You need take this professor out of the equation. You're relationship is with your daughter. Deal with her. Don't blame. Listen more than you talk ... maybe you'll learn something.

DEAR SURLY, My husband and I have been married eight years and have two children. Our marriage has had its share of ups and downs, but we always manage to survive the bad times.

My problem is my husband sleeps on the couch 95 percent of the time instead of in our bed. He makes excuses such as he 'fell asleep watching TV,' or 'the kids were sleeping in our bed' -- even when they weren't. He even goes to sleep on the couch after we have had sex.

I don't like sleeping by myself every night, and I have tried to explain how upsetting this is to me. My little girl has even asked why Daddy sleeps on the couch. Any suggestions? -- MISSING MY SNUGGLE, MELBOURNE, FL

MISSING SNUGGLE, there can be many reasons for separate sleep. You need to figure you what makes your husband uncomfortable sleeping with you? Do you snore? Do you complain about his snoring? Do you flail? Have night terrors? Get you husband, ask him what the discomfort is, and be prepared to hear something that you don't want to hear. Only when you identify the real issue can you address.

DEAR SURLY: My darling wife died not long ago. I'm still grieving. Please tell me what to do when women show up as if I'm
available to date. They're not shy. I'm not interested in anyone, especially since my wife just passed away. I am still emotionally attached to her, and I don't want that feeling to fade.

Surly, these women are forward and aggressive. I can't believe how some of them dress. I miss my wife. I truly loved her and continue to do so. I know in time I'll meet someone, but I'm not ready to jump out there because my heart still belongs to my wife. I welcome your advice, Abby. -- HUNTSVILLE WIDOWER

WIDOWER, there are plenty of men out there who want to remarry very quickly after loosing a wife. These women just don't know your readiness and they can't know without asking ... if you were looking and they waited for clues the main clue would be you dating another woman and by then it could be too late.

They're only after you because you're a helluva catch, so remember to be mildly flattered and say, "Thank you, but I'm just not ready."

See Abby's responses at

09 June 2011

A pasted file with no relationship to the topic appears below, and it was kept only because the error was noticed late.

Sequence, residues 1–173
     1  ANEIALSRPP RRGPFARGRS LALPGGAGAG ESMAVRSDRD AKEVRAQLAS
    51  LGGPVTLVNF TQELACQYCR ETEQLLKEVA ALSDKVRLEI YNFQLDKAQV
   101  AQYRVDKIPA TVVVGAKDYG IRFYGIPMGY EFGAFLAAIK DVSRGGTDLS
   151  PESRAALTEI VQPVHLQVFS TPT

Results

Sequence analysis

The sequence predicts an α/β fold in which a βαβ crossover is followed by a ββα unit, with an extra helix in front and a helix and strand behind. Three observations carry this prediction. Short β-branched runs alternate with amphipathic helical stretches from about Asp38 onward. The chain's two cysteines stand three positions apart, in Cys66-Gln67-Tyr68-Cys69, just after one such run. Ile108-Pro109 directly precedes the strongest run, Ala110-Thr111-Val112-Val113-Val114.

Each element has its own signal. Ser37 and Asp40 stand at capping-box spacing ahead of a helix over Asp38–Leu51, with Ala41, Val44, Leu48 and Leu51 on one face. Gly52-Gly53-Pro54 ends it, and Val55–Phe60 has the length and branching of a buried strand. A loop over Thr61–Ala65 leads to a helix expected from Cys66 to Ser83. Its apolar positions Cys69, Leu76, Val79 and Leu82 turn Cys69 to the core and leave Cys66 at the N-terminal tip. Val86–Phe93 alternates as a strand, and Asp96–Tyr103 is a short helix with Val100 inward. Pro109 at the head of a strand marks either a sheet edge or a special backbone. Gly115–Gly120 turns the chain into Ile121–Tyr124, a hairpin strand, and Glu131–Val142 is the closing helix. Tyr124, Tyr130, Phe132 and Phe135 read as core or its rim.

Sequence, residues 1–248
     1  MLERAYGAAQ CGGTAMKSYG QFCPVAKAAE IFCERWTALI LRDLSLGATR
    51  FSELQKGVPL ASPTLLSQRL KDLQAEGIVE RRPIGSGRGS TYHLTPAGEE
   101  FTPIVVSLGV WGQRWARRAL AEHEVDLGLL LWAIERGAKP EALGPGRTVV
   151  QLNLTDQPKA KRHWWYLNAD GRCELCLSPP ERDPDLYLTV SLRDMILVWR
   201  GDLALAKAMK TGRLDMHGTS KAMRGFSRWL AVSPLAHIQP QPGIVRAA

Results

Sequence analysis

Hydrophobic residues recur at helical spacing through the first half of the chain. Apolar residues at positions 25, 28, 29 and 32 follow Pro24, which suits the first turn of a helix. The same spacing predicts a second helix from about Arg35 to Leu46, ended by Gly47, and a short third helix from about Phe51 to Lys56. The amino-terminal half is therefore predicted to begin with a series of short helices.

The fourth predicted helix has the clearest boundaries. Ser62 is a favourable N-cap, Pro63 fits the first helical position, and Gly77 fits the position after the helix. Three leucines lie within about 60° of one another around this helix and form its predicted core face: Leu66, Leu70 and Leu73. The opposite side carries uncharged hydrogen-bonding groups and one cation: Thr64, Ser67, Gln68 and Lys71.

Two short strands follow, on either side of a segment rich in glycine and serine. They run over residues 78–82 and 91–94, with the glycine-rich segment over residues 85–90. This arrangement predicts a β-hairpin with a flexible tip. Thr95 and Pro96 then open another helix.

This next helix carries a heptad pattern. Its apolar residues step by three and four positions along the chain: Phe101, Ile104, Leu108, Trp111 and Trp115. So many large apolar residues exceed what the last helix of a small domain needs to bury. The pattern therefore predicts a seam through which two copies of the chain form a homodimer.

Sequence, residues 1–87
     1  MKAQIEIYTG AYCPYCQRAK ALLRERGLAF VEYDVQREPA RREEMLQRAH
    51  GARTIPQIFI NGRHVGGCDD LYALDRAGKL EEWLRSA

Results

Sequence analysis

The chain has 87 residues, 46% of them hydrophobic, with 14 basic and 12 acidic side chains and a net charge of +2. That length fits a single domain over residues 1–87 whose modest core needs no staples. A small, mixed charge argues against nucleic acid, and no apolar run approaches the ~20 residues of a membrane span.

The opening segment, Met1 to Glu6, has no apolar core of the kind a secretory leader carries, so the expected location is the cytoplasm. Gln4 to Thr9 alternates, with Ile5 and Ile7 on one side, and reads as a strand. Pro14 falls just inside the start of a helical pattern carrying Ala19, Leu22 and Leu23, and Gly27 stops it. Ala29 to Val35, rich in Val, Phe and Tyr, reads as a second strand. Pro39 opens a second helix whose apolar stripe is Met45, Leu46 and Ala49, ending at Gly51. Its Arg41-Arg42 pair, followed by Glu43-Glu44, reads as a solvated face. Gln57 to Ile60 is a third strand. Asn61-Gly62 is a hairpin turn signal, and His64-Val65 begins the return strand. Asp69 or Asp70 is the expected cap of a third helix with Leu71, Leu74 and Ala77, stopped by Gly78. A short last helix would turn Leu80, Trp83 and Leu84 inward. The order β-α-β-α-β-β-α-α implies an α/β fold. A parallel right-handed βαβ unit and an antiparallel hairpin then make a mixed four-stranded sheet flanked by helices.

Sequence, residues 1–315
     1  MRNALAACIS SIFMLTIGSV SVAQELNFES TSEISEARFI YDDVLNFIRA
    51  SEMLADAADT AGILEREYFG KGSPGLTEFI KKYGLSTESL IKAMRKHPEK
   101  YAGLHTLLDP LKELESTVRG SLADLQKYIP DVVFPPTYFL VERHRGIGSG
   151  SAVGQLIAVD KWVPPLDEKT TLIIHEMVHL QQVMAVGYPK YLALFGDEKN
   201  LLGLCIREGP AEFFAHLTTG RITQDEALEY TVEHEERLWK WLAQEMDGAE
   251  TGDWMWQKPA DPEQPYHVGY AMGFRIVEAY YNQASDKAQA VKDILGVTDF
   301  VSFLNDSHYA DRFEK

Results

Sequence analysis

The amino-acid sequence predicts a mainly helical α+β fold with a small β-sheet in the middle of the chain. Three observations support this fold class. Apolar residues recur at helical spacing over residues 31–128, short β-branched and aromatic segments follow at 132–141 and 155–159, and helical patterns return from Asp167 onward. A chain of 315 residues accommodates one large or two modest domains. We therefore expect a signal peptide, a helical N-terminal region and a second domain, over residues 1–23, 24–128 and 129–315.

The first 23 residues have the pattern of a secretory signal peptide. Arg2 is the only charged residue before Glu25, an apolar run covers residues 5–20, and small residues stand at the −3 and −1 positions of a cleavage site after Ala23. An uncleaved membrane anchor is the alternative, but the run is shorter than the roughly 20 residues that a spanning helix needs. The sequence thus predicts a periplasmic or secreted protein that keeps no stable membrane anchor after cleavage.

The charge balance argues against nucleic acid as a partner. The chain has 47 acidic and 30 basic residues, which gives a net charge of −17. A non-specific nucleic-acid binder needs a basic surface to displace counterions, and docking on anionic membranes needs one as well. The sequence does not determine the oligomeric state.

DEAR SURLY, I am a 48-year-old single male. I teach an adult Sunday school class. Two women who have joined our group have made it plain they would like to have a romantic relationship with me.

I'm not sure how to handle this. I'd like to meet someone special, too, but I'm not certain this is the right way. Please advise. -- TROUBLED TEACHER IN THE SOUTH

TROUBLED, what the hell is wrong with you?! If you're spending time in a Sunday school, you will meet people there. Your interactions in that environment will be more in depth and meaningful then any you could muster if, say, you were to meet a stranger in the grocery and try to make a move. Plus, if you're in Sunday school and she/they is in Sunday school you have something in common. Of course this is the right way.

DEAR SURLY, We are a gay couple who have been together for 37 years. We were recently invited to the wedding of a close nephew in San Antonio. The invitation was addressed to us both, and we flew 5,000 miles to attend.

At the ceremony, my partner, 'Alan,' was seated in front with the groom's family. While we were being shown to our seats, I was told by the groom's father, 'Sorry. You can sit somewhere else.' Alan and I were deeply offended.

How should we express our displeasure and prevent this from happening again when the niece marries? Do we have a right to say anything? -- SNUBBED IN HONOLULU

SNUBBED, the Constitution gives you the right to complain. Funny that a family event like a wedding would split your family's seats ... find that father who said you couldn't sit there, and tell him that he's an insensitive prick. Weddings are about bringing family together, right? Don't take no for an answer, and be willing to rearrange chairs if it comes to that.

DEAR SURLY, My wife is a cancer survivor who is doing well. When a friend or relative learns she had cancer, a common response is, 'Yeah, I knew someone who had the same kind of cancer. It was awful. It came back six months later and he/she died an agonizing, terrible death.'

Abby, it's hard to remain polite around such thoughtless, moronic individuals when they blurt out something like this in my wife's presence. I can't imagine the fear she must experience hearing such remarks. Can you offer an effective retort? -- BAFFLED BY THE IGNORANCE

BAFFLED, you oughtn't be baffled. People are idiots. You can't stop them from saying stupid things like this, but you can ridicule them. Say "stories of other people's tragic reoccurrences of cancer are good for our states of mind, you rancid arsehole."

If you're very lucky, stupid people might stop talking to you altogether.

See Abby's responses at